In June, NASA’s Swift X-ray telescope satellite detected a high-energy flash of gamma rays, a “gamma ray burst” called GRB 130603B. This evidence was analyzed by a Harvard research team led by astronomer Edo Berger, who concluded that the blast was likely caused by the collision of two very heavy and exotic neutron stars, and that all of the gold and platinum of Earth is a result of the collision and explosion.
The burst was seen as a signature of the explosive union of two neutron stars, in this case ones some 3.9 billion light-years away (one light year is about 5.9 trillion miles). The team’s findings have been published in an Astrophysical Journal Letters report.
If Berger and his team are correct, you can thank your lucky neutron stars for the rings you wear, and all of the rest of the Earth’s gold.
The lighter elements in the universe, according to scientists, were created by dying stars billions of years ago. In their dying moments, they “cooked up” most of the universes’ lighter elements, like oxygen in the air and calcium in our bones, and blasted it everywhere when they finally exploded.
Astronomers had an explanation for how the universe’s lighter material were created, but heavier atoms, like gold, seemed to defy this explanation, indicating that it and all other heavy metals had different, more exotic origins.
What are neutron stars?
Neutron stars are the the collapsed remains of imploded stars, incredibly dense stellar objects that weigh at least 1.4 times as much as the sun but which are thought to be less than 10 miles wide.
Berger and his research team report that gold is likely created as an aftereffect of the collision of two of these relatively rare “neutron” stars.
According to Berger, ordinary stars explode about once every century in our galaxy, but explosive collisions of two neutron stars happen only about once every 10,000 years. And, in the week after their merger, it appears they spew out gold and other heavy elements.
In the aftermath of the gamma ray burst that NASA’s telescope detected, Berger and his research team saw a yellowish, or golden glow, suggesting that the burst had been caused by two neutron stars colliding, and that a tremendous amount of gold had been released from them.
In this case, we were able to observe it for the first time and see how the merger seems to be producing (the) heavy elements.”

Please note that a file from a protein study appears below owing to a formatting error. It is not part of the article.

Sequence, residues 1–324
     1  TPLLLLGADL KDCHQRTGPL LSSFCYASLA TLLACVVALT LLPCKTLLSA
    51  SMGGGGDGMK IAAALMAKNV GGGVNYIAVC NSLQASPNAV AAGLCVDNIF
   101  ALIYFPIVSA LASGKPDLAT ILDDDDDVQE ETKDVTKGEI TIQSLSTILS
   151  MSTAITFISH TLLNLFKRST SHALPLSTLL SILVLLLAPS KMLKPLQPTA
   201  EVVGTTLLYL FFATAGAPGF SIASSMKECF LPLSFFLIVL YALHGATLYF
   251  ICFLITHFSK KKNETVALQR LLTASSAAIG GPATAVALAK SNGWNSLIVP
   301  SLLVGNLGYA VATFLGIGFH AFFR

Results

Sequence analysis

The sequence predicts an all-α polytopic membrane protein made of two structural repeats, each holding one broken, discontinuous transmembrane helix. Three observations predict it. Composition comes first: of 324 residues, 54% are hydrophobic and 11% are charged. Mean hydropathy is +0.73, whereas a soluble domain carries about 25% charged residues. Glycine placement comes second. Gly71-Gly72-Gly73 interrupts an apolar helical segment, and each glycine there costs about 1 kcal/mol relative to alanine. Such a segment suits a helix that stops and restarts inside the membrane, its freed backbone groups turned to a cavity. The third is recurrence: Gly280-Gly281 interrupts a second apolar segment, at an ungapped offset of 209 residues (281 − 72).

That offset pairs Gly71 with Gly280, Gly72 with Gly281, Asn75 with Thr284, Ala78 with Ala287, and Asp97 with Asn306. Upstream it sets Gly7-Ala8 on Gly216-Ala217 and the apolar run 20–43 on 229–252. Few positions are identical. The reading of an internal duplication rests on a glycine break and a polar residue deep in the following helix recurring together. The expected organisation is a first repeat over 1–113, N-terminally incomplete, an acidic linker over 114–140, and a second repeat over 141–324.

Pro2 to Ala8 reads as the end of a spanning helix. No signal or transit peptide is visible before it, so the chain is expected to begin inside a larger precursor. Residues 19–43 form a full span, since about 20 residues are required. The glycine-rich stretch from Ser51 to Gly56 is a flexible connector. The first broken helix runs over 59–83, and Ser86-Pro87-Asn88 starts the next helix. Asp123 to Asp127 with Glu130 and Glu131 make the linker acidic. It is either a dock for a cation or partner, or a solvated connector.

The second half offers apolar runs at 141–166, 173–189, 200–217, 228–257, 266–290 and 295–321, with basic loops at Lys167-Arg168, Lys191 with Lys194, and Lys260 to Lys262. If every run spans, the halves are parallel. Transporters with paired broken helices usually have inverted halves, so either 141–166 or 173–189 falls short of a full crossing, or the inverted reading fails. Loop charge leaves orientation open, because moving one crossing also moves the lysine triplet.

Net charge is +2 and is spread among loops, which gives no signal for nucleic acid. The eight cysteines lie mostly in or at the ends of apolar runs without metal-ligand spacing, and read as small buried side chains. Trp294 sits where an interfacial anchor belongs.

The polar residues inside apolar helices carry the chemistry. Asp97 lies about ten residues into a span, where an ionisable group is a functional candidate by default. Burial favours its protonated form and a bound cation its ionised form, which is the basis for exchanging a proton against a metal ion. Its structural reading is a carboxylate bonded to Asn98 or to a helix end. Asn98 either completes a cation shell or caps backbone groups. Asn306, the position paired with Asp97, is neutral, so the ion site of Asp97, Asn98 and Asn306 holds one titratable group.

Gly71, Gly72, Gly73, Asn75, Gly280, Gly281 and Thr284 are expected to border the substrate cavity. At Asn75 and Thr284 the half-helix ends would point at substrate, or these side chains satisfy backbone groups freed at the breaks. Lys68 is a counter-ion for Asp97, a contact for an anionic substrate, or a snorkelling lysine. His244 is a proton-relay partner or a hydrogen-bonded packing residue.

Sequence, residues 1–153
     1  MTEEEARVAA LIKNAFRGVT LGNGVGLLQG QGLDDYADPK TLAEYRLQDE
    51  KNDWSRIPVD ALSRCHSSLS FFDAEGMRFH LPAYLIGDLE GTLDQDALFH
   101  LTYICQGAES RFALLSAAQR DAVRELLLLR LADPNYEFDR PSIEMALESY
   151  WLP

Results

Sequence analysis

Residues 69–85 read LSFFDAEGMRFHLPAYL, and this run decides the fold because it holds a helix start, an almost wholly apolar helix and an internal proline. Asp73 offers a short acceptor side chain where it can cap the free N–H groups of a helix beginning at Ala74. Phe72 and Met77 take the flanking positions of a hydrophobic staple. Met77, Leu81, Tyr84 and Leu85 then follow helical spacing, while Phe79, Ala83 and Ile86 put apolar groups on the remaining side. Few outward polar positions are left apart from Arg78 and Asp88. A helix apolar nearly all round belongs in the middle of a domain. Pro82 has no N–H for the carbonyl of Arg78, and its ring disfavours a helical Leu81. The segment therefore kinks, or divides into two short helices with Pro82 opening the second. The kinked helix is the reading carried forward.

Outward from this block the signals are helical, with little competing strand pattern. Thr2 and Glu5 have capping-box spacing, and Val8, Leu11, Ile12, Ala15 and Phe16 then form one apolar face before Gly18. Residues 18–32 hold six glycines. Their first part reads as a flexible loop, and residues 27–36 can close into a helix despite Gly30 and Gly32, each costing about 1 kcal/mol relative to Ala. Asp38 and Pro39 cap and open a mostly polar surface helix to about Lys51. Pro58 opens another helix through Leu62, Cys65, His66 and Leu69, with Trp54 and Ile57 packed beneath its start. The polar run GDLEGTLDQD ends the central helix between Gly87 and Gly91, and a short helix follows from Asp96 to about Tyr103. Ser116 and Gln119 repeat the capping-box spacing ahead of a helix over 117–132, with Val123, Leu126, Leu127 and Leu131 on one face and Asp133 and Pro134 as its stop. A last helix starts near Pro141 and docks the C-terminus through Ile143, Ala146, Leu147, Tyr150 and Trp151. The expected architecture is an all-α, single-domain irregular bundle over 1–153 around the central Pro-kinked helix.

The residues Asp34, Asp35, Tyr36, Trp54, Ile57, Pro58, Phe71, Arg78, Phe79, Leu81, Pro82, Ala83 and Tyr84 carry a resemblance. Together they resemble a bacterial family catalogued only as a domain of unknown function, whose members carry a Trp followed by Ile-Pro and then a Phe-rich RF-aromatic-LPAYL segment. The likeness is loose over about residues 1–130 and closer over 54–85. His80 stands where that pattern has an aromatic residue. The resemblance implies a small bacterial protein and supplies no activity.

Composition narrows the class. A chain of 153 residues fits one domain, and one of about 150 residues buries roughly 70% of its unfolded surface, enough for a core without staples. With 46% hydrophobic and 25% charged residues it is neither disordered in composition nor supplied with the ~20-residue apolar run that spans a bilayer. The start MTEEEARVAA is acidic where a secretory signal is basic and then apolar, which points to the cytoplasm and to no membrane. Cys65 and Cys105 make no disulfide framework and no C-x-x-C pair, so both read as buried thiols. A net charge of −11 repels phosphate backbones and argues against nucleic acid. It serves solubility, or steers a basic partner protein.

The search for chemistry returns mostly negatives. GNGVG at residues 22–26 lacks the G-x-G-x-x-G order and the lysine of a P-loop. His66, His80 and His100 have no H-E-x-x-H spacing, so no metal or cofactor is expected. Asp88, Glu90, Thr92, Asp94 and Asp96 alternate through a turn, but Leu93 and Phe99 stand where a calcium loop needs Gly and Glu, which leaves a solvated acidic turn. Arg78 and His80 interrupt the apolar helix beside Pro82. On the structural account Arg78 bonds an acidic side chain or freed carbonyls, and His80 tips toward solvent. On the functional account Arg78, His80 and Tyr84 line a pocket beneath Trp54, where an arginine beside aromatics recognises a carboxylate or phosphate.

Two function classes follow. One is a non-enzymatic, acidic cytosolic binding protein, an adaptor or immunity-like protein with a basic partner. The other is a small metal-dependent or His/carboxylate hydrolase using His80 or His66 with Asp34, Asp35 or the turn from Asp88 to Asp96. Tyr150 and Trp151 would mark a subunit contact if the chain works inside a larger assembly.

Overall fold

How much gold did the collision of the two neutron stars NASA detected as a gamma ray burst produce?
Berger and his team estimated by observing the cloudy after-effects of the burst that the merger of the two neutron stars produced several moons worth of gold by weight.
That much gold, according to Berger, would dwarf the amount of gold in the Earth’s crust.
At today’s prices, that amount of gold would be worth 10 octillion dollars (That’s $10,000 trillion-trillion or $10,000,000,000,000,000,000,000,000,000, for anyone counting).”
Even so, this huge amount of gold would have been only about 1% of the overall mass of the two neutron stars.
In such a collision, sub-atomic particles that blast out would then fuse together to form heavy elements. These elements would be traveling at such a high rate of speed that they would escape the black hole that inevitably would form after the merger of the two neutron stars.
If the interpretation of what they saw is correct, the Harvard team, according to astrophysicist Hans-Thomas:
…might have discovered the ‘smoking gun’ for unraveling the long-standing mystery which objects in the universe are responsible for the production of gold and platinum and other heavy elements.”
These collisions of neutron stars are the likely origins for the gold that accumulated in Earth’s crust some 4.54 billion years ago. The gold was “swept up” from space at the birth of the solar system, and now seen in jewelry store windows.
Though the observation of this gamma ray blast result indicates the likely origin of gold and other heavy metals is the result of colliding neutron stars, astronomers will have to observe more similar blasts before they are all that confident about their findings.
The rings you wear, your bracelets, necklaces, etc., may have wound up on your body due to “one of the most violent explosions in the universe: a gamma-ray burst that is produced when two neutron stars merge with each other, according to astrophysicist Stephen Rosswog of Germany’s Jacobs University Bremen.
It might be true that our fates lie not in the stars but in ourselves; but, it might be equally true that the gold we have wound up on the Earth because of the collision of neutron stars billions of years ago.
Written by: Douglas Cobb